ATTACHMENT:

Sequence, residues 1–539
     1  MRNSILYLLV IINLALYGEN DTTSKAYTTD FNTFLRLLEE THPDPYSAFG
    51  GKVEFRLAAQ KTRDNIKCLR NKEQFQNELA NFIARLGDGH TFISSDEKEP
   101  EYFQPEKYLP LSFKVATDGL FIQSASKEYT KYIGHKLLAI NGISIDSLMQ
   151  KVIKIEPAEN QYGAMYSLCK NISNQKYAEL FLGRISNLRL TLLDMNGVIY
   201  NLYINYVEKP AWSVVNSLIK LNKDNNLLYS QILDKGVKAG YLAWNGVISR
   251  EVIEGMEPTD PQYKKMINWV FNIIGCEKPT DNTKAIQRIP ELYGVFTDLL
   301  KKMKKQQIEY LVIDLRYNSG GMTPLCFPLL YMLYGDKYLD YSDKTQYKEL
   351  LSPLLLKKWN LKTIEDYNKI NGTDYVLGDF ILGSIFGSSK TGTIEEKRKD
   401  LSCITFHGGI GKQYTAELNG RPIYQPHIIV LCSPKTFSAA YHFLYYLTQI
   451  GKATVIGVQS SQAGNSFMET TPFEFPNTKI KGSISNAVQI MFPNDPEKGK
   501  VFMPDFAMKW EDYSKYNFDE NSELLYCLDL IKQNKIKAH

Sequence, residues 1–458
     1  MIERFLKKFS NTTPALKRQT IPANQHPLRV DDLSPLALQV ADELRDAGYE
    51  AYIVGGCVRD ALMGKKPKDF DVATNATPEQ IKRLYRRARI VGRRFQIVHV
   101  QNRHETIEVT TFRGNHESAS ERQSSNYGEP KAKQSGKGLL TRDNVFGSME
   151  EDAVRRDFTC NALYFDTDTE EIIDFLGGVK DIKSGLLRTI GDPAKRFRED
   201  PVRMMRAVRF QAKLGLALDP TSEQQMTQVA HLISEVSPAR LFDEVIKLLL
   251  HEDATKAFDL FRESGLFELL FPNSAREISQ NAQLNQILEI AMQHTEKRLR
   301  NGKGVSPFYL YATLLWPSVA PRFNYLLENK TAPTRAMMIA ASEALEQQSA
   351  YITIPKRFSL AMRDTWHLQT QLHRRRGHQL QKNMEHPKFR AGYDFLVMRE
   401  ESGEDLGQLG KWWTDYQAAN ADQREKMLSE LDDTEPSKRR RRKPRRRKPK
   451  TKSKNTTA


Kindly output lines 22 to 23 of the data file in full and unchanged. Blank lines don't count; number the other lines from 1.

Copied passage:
   401  ESGEDLGQLG KWWTDYQAAN ADQREKMLSE LDDTEPSKRR RRKPRRRKPK
   451  TKSKNTTA